Living in a Yurt in Kathmandu? I Saw the Status Update.

Has Facebook made the high school reunion redundant?

Yes, I realize I'm delving into the trite and the technical, but a few months ago I received an invite to my high school reunion and, to steal a phrase from Carrie Bradshaw (not something I ever saw myself doing, ever), I couldn't help but wonder: in an era where every breath we take is published and publicized, what's the point?

I saw myself standing with my colleagues on the campus where we spent our awkward years, nodding my head. "Oh, so you're working in finance? Yeah, I thought I saw that on Facebook. Married? I noticed your relationship status had changed. Babies? Your album was cute. Grad school? Running your own business? Running seven marathons a year? Converting to Mormanism? Living in a yurt in Kathmandu? I saw the status update."

In the heady days before Facebook, when it was possible for someone you'd spent four intensely uncomfortable years with to slip completely off your radar in a day, I envisaged the high school reunion with some satisfaction. My social discomfort at the time, my shy, blushing-at-everything countenance, made me the perfect candidate for a major five-years-later comeback. I would breeze into the room looking gorgeous and tanned (why do we think that tanned is somehow an indicator of good physical and emotional health?), my hair styled precisely to the trends of the moment, my clothes impressive in their well-tailored flattery and their obvious expense. I would have someone at my arm from well outside the sphere of the Santa Ynez Valley--an Englishman, preferably, who I'd met in New York City, where I'd settled after college to finish my novel (the one with the big advance) and write an enormously popular column. I would be a little tired--just got back from a trip to South Africa, research for my next book, you know--but the transformation from angst-ridden outcast to real-world success would be stunning.

But here's the truth of it: we can't shock each other anymore. Everyone I'm friends with on Facebook is already going to know what I look like these days, that I'm living abroad, that I'm getting another degree. If they read this blog they'll even know that I'm poorer than dirt and have no wildly popular column to boast about. We grew up with each other, my classmates and I, but then (and we were really the first generation to do this) we continued growing up with each other, remotely. We saw all the college relationships, distilled to a single line ("in a relationship with...", "it's complicated with.."), all the parties, distilled to a wittily-named online album. We saw the shifts in geography, the aquisition of degrees (or not), the weddings, the children, the message that so-and-so wrote to so-and-so. What's left to tell?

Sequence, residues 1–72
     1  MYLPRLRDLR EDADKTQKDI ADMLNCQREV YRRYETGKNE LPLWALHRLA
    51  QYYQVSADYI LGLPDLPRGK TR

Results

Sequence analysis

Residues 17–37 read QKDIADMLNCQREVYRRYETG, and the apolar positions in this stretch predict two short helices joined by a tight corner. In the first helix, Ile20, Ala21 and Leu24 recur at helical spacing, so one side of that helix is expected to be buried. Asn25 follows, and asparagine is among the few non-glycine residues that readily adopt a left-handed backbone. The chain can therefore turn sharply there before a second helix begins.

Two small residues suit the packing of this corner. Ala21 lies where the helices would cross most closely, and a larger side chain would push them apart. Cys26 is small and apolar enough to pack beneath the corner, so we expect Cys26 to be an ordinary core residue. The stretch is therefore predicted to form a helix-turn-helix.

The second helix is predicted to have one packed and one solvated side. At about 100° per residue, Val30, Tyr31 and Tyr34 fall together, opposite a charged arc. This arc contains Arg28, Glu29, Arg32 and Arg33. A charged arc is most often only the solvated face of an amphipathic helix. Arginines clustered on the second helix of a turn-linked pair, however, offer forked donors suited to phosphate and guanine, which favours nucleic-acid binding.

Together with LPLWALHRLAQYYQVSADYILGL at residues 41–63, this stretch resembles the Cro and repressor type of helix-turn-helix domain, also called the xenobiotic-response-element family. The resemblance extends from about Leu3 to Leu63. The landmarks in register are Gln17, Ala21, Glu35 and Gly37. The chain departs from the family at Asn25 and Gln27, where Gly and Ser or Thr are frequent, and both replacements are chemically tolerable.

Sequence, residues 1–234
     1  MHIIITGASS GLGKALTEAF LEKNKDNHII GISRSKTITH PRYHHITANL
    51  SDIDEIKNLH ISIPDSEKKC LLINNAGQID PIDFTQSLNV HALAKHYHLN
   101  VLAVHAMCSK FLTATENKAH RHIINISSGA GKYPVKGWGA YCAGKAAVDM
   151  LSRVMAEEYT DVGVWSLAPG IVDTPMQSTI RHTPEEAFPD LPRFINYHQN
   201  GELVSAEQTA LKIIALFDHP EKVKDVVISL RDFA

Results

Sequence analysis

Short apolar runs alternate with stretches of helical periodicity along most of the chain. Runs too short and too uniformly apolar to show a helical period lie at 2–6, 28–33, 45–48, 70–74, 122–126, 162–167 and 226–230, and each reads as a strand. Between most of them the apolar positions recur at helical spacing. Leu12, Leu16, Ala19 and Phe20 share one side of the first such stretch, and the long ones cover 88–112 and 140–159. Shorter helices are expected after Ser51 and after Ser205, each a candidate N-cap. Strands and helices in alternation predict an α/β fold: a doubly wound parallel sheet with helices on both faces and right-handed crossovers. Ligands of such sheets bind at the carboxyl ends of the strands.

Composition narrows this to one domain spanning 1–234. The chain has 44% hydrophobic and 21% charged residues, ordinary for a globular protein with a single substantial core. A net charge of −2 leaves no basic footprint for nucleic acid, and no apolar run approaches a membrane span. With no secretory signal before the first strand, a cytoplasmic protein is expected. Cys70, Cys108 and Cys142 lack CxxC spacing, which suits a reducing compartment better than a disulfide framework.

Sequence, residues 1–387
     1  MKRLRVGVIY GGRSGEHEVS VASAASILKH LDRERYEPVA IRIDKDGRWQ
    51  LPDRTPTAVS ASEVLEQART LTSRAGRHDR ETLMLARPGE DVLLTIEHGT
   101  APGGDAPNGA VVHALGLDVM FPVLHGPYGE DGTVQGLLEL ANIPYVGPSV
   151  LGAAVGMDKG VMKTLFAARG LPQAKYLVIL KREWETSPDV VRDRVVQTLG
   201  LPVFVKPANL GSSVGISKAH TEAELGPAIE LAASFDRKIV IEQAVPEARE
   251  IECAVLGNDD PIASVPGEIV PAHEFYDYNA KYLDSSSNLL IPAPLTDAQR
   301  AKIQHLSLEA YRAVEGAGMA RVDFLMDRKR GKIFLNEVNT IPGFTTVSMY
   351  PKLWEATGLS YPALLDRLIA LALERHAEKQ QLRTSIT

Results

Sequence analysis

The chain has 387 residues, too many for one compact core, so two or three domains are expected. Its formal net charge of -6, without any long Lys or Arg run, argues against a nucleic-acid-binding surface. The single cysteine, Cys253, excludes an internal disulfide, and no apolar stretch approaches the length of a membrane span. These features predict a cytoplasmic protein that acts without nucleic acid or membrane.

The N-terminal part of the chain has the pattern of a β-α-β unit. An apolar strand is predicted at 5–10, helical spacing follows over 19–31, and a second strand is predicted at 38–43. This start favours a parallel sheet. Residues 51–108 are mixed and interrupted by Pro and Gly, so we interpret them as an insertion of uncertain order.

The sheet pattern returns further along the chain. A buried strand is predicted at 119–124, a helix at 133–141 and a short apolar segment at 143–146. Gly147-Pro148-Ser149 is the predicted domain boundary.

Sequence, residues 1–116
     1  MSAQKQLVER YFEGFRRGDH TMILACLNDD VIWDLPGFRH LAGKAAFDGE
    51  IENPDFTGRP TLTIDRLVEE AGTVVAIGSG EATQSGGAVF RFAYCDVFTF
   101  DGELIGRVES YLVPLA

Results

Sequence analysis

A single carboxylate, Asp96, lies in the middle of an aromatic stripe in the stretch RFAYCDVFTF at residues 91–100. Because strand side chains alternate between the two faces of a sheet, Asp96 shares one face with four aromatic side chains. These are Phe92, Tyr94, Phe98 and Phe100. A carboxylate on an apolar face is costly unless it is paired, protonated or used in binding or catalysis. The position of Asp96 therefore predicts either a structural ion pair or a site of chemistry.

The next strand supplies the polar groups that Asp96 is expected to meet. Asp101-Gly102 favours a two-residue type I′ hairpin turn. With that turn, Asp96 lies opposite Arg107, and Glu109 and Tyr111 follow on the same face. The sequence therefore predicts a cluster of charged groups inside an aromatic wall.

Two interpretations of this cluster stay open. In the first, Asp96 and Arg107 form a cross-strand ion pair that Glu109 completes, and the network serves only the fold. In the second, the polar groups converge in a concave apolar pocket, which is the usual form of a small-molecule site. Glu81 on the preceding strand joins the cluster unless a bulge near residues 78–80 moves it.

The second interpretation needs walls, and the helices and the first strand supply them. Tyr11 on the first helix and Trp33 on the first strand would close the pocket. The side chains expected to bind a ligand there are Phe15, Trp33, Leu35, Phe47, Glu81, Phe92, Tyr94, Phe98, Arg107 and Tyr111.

I ask myself, too: am I bitter because I'm not going? In that sophomore-year vision of an eight-year-older me, I never once considered skipping the event. But here I am, and the pressures of adulthood dictate that I stay put at the end of April, remain in Oxford, with (go figure) my Englishman, working on (go figure again) my book, living my already very public life. (But frankly, the way the weather is looking today, you couldn't pay me to miss Oxford in full springtime bloom.)

A very close friend of mine wrote me a letter recently. "To be perfectly honest," she wrote, "I think without you there I would be reverted back to the shy/awkward/semingly semi-retarded person I was at Dunn," and the awful truth is, so would I. I can picture the scene much more clearly on this side of graduation. I would stand there, with my loyal Englishman at my arm, looking nice, dressed well, holding in my head the knowledge of my in-process book, my Oxford life, the places I've been, the places I'll go, and I would become as dumb and uncomfortable as I was at 15.

Maybe I ought to be happy that Facebook has made it possible for me to feel smug without ever having to set foot on the campus of my alma mater. Maybe it's not that Facebook has made the high school reunion redundant, exactly; it's that it's made it redundant for people who only ever considered going for the shallow aim of proving a point (i.e., you were wrong about me; in fact, I was wrong about myself). Maybe it's that it will make the event less about showing off and more about socializing in a genuine way.

I'll never know--but, because I can, because this is the world we're living in and this is who I am in it now, I'll blog about it anyway.